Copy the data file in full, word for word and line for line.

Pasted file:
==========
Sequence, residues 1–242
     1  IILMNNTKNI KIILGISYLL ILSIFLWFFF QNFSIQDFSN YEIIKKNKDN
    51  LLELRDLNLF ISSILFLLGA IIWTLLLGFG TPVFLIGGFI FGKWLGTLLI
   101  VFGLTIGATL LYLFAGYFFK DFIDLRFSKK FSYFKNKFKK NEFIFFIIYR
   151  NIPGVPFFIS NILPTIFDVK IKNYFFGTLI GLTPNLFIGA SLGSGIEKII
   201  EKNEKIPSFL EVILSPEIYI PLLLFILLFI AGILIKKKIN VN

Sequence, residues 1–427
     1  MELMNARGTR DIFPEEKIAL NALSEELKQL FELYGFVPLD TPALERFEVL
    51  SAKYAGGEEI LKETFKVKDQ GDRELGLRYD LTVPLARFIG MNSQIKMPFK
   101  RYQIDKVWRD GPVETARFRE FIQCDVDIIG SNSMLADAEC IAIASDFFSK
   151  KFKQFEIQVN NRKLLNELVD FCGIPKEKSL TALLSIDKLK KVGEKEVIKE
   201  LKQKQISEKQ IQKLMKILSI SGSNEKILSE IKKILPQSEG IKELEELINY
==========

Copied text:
Sequence, residues 1–242
     1  IILMNNTKNI KIILGISYLL ILSIFLWFFF QNFSIQDFSN YEIIKKNKDN
    51  LLELRDLNLF ISSILFLLGA IIWTLLLGFG TPVFLIGGFI FGKWLGTLLI
   101  VFGLTIGATL LYLFAGYFFK DFIDLRFSKK FSYFKNKFKK NEFIFFIIYR
   151  NIPGVPFFIS NILPTIFDVK IKNYFFGTLI GLTPNLFIGA SLGSGIEKII
   201  EKNEKIPSFL EVILSPEIYI PLLLFILLFI AGILIKKKIN VN

Sequence, residues 1–427
     1  MELMNARGTR DIFPEEKIAL NALSEELKQL FELYGFVPLD TPALERFEVL
    51  SAKYAGGEEI LKETFKVKDQ GDRELGLRYD LTVPLARFIG MNSQIKMPFK
   101  RYQIDKVWRD GPVETARFRE FIQCDVDIIG SNSMLADAEC IAIASDFFSK
   151  KFKQFEIQVN NRKLLNELVD FCGIPKEKSL TALLSIDKLK KVGEKEVIKE
   201  LKQKQISEKQ IQKLMKILSI SGSNEKILSE IKKILPQSEG IKELEELINY